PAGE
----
Tesco PLC Asia Results Confirm My Buy Rating

Tesco (LSE: TSCO) shares have plunged to a 10-year low of 278p over the last fortnight, as investors threw their toys out of the pram ahead of the UK’s largest supermarket’s annual results announcement.

TescoMarkets hate uncertainty, so I wasn’t surprised to see Tesco’s share price give a modest bounce after its results were published — after all, the company did make pre-tax profits of £2.3bn last year, giving its shares a P/E ratio of just 9.1 times adjusted earnings, and a yield of 5%.

What’s more, Tesco maintained its dividend, as I predicted, meaning that its dividend has not been cut for 30 years, a record few of its FTSE 100 peers can match.

The star in Tesco’s portfolio?

However, although I believe Tesco will turn around its UK operations, what really caught my eye were the results from Tesco’s Asian businesses, which operate in Korea, Thailand and Malaysia.

Total sales rose by 2.6% to £10.3bn, and although profits dropped to £692m, Tesco reported a trading margin of 6.7% for Asia — considerably higher than the 5.0% achieved by its UK operations.

Tesco’s Asian profits accounted for more than 20% of the firm’s trading profits, and that 6.7% margin looks extremely attractive to me, given the flagging profits being reported by all the major UK supermarkets. I believe that Asian growth could help Tesco outperform the UK supermarket sector over the next couple of years.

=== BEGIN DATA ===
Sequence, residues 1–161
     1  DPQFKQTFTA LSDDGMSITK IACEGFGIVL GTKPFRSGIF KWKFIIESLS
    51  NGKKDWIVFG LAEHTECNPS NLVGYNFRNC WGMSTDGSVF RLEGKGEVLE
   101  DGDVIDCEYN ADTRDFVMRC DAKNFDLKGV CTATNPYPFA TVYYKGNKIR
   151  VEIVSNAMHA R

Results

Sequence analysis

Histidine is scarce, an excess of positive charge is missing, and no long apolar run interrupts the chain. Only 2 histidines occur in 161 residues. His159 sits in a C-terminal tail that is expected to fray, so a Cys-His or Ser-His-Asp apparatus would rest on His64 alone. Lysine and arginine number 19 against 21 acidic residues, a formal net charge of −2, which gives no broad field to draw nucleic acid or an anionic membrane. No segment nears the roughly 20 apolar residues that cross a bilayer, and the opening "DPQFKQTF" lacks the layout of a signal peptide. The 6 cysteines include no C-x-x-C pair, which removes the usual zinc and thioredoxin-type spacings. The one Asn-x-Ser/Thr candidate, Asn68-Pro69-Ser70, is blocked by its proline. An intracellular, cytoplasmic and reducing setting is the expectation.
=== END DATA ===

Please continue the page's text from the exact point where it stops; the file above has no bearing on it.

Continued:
Indeed, Asia could become doubly important for Tesco if its joint venture with China Resources Enterprise (CRE) in China is successful. The deal gives Tesco a 20% stake in China’s largest food retailing business, and I believe it could become a very valuable long-term asset.

Tesco’s international operations have come in for a lot of criticism, and while its US business was a major failure, I don’t think its Asian efforts should be tarred with the same brush.

Now is the time to buy

Tesco shares really are unbelievably cheap. As I’ve already mentioned, the firm’s shares trading on a trailing P/E of 9.2 and offer a dividend yield of 5.0%.

This undemanding valuation is backed by a property portfolio worth £24bn, providing further downside protection.

Tesco isn’t without its problems, but I believe the firm is a great long-term income buy that should deliver the goods for decades to come. 

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Roland owns shares in Tesco but not in any of the other companies mentioned in this article. The Motley Fool owns shares in Tesco.